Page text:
Proceedings Of The Marine

SPR 2015

Proceedings magazine is a communication tool for the Coast Guard's Marine Safety & Security Council. Each quarterly magazine focuses on a specific theme of interest to the marine industry.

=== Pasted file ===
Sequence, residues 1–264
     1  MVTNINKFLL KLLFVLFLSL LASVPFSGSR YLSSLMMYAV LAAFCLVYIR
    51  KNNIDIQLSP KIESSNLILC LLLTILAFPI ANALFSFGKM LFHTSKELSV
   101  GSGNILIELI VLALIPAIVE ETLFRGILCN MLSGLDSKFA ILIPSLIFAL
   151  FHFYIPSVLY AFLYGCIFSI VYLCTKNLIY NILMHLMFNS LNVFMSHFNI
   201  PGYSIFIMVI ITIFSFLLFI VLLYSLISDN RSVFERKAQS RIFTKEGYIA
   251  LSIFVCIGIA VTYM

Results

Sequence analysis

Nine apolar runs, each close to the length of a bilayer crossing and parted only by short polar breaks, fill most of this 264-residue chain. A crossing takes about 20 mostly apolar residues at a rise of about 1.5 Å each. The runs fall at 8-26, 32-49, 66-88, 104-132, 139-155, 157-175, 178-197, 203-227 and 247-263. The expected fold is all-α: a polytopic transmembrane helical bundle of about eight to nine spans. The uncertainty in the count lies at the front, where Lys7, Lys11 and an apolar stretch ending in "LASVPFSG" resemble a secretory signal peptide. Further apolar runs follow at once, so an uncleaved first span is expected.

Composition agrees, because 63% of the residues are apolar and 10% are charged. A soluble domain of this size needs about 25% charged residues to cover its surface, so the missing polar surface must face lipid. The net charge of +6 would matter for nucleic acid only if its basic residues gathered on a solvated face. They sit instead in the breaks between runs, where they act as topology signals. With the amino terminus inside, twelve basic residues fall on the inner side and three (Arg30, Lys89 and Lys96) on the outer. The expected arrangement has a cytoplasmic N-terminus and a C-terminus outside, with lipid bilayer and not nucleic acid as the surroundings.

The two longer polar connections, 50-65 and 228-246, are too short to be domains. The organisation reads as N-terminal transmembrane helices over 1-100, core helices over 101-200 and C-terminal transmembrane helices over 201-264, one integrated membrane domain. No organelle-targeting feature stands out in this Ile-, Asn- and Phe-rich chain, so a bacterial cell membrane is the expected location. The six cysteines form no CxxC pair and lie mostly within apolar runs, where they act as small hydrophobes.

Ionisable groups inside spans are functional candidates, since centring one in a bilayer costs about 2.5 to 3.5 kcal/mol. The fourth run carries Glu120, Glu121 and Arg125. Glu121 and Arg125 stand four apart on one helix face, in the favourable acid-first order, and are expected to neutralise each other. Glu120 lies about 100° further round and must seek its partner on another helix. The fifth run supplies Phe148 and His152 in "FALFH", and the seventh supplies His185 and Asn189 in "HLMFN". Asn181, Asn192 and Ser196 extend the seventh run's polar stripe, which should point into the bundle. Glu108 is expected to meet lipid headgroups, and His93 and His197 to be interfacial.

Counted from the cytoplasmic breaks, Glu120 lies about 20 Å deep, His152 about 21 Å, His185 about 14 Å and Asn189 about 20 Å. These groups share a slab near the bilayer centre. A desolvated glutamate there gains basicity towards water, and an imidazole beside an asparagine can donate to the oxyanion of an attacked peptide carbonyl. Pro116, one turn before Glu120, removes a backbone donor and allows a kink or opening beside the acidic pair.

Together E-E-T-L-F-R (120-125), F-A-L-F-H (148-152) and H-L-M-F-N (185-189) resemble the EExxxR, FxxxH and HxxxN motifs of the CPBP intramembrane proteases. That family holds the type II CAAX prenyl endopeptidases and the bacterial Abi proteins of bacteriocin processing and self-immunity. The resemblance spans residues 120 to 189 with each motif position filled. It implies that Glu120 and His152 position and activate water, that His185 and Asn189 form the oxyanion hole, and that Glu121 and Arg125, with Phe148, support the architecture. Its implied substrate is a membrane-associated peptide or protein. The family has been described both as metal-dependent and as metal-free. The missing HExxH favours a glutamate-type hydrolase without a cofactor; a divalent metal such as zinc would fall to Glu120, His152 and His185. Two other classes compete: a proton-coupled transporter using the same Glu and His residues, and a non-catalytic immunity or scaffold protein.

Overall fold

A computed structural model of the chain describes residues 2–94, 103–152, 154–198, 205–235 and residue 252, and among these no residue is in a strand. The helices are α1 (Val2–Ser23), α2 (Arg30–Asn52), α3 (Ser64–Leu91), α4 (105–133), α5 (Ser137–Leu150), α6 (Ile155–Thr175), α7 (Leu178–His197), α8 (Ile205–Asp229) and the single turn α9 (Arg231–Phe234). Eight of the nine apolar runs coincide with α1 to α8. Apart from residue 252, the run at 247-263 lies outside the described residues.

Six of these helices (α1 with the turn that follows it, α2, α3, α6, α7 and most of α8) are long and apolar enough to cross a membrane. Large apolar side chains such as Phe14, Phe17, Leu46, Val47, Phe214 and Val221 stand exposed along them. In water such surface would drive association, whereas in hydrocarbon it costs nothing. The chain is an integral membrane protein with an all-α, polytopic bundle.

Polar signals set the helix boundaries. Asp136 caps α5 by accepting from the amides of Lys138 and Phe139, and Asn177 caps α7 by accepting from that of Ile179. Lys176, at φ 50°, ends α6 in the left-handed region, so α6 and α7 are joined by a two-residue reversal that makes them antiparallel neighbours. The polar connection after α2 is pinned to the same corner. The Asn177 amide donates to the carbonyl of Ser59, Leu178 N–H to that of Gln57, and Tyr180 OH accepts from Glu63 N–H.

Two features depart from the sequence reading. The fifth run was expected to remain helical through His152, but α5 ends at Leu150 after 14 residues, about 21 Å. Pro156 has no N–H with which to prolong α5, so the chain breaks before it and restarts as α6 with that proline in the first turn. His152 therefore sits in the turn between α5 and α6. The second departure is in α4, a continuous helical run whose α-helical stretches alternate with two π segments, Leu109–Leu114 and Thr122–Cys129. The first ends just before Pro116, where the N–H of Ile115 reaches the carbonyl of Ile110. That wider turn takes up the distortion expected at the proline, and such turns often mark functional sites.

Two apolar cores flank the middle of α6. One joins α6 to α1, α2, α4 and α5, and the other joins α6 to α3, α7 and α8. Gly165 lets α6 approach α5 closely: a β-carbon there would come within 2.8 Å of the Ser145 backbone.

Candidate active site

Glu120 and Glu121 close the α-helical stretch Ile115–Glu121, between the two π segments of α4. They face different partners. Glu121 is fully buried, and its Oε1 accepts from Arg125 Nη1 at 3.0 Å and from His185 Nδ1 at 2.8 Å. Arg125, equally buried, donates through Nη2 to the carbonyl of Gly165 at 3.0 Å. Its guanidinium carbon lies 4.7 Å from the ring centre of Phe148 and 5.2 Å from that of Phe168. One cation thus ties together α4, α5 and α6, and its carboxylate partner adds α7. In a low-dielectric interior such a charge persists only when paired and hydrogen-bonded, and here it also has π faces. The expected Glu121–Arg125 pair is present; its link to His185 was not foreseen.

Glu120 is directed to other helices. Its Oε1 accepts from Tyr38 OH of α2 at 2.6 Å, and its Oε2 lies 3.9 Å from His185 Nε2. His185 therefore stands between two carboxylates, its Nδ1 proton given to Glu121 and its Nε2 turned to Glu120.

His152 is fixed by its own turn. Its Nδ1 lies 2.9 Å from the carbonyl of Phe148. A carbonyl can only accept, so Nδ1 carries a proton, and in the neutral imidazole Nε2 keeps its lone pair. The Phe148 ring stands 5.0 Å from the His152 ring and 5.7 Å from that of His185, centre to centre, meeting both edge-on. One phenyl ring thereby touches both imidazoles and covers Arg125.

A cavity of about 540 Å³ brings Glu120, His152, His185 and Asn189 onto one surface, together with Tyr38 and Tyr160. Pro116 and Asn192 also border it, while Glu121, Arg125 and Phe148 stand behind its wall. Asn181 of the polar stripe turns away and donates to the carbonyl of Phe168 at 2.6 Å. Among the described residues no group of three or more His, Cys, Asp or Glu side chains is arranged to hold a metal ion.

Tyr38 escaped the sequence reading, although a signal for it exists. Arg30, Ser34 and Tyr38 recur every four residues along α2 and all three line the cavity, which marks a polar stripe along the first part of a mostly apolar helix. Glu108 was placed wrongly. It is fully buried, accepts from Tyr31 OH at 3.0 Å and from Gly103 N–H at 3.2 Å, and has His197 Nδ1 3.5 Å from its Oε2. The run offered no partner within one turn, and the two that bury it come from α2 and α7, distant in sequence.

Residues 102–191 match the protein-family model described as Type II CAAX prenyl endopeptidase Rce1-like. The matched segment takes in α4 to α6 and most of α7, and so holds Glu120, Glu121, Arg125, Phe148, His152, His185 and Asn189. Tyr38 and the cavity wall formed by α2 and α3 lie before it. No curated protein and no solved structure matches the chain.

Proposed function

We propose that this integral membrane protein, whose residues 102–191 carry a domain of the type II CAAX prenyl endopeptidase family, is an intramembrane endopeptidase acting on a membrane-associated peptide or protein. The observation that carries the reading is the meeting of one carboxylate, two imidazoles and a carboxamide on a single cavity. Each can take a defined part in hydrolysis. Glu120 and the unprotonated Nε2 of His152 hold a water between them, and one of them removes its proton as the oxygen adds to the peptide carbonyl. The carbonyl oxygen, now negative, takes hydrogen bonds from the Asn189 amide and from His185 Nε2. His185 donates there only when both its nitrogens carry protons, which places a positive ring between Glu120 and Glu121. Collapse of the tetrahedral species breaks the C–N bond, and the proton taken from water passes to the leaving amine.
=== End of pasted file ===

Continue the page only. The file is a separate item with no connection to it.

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76 Proceedings Spring 2015 To address this relatively unknown feature of the entire Hurricane Katrina response, the NSF had to mobilize, be self-suffcient, and handle everything simultaneously, as Paskewich led the rest of his team to confront the human suffering, conduct search and rescue, re-open a paralyzed marine transportation system, re-establish the commu- nications infrastructure, conduct vessel salvage, perform homeland security missions, engage a growing list of stake- holders with different agendas and capabilities, and interact with the 24/7 media. Lead Others, Lead Thyself Bjostad's more personal lessons included how to manage yourself amid the stress of a complex event. It is thus imperative, says Bjostad, that "you maintain con- trol and collegiality. The incident command post, for exam- ple, must be a sanctuary of focused effort and as incident commander you must remain calm and cool when all hell breaks loose." While an incident leader may not know how to solve all challenges or problems, he or she must know how to lever- age resources, admit limitations, and call for help. Bjostad notes, "Leaders who are full of hubris are found out pretty quickly and they make themselves irrelevant by 'winging it,' which is ineffcient and creates a lack of focus." The NSF aims to provide the right mix of cognitive and tac- tical tools to achieve precision management in pursuit of successful incident outcomes. Noting a shift in how success is measured, RDML Gautier, the current U.S. Coast Guard director for Governmental and Public Affairs, suggests, "Success is measured in the public domain by the amount of confdence gained by the public, as well as the amount of confdence gained by our respective leadership." The decisions Bjostad and Paskewich made during their response to hurricanes Ivan and Katrina demonstrate strength in leadership, as well as an understanding of how to build unity of effort — the universal challenge of any response, through authentic stakeholder involvement. For them, one way to lead was accessing NSF utility. As Paskewich notes, "The NSF understands conceptually what needs to occur to achieve full-spectrum dominance during response. I hope organizations cultivate more of that capa- bility; that is, having people with unique recognition skills who can keep things in context and connect dots across the organization, and see when things are not right." About the author: LCDR Jeffrey Rubini is the USCG's 11 th District Response Advisory Team supervisor and Marine Environmental Response program manager. He served from 2002–2005 as the Gulf Strike Team's Assistant Operations Off- cer, Hazardous Materials Response Department head, training offcer, and as a National Strike Force response offcer. Bibliography: Cantin, R., Roger Laferriere, Larry Hewett, and Charlie Henry. (2008). Managing multiple oil spills from a natural disaster: The Katrina oil spill responses. Proceedings of the 2008 International Oil Spill Conference. Kuchin, J. and Larry L. Hereth (1999). Measuring Response: A Balanced Response Score- card for Evaluating Success. Proceedings of the 1999 International Oil Spill Confer- ence. Editor's note: Some of the incident statistics and information in this article come from internal Coast Guard reports and may not be avail- able online. Acknowledgement The narrative is informed by some of the most proven and inspi- rational leaders within industry, academia, and government. I had the great privilege of speaking personally with Admiral Thad Allen (USCG, ret.); Rear Admiral Meredith Austin; Rear Admiral Peter Gautier; Captain Bill Carter; James Bjostad (Captain, USCG, ret.); Frank Paskewich (Captain, USCG, ret.); James Elliott (Commander, USCG, ret.); Professor Kathy Newcomer of George Washington Uni- versity; and Professor William Waugh of Georgia State University. In Support of the OSC Admiral Allen's frst interaction with the National Strike Force occurred in January 1980, when a disabled tug and barge carrying 3 million gallons of No. six oil ran aground in blizzard conditions north of Atlantic City. 1980 Oil Spill Response "I was a lieutenant serving as CO of Group Atlantic City, and at that time I was unfamiliar with captain of the port and FOSC authori- ties. I realized the demands were beyond my capabilities, but I also wanted to optimize my performance, so I asked to serve as the operations section chief. The FOSC had already requested NSF assistance… ." Working alongside then-LT Allen, NSF activities in support of the FOSC narrowly averted an environmental disaster. Behind the Scenes RDML Austin's NSF command philosophy took root while serving as a LCDR at Marine Safety Unit Galveston, Texas. While leading a response and working alongside the National Strike Force, she came to believe that keeping the OSC up-front and the NSF in the background maximizes everyone's utility by allowing the unit to run the case, while NSF integrates where needed or directed. "Always be approachable and collegial, so folks are comfortable coming to you with issues." — RDML Meredith L. Austin CAPT Bill Carter, commander, National Strike Force Coordination Center, sees the NSF providing services going well beyond just spill response. He said, "We aim to give those we support peace of mind. If there's a problem, we will solve it… ."

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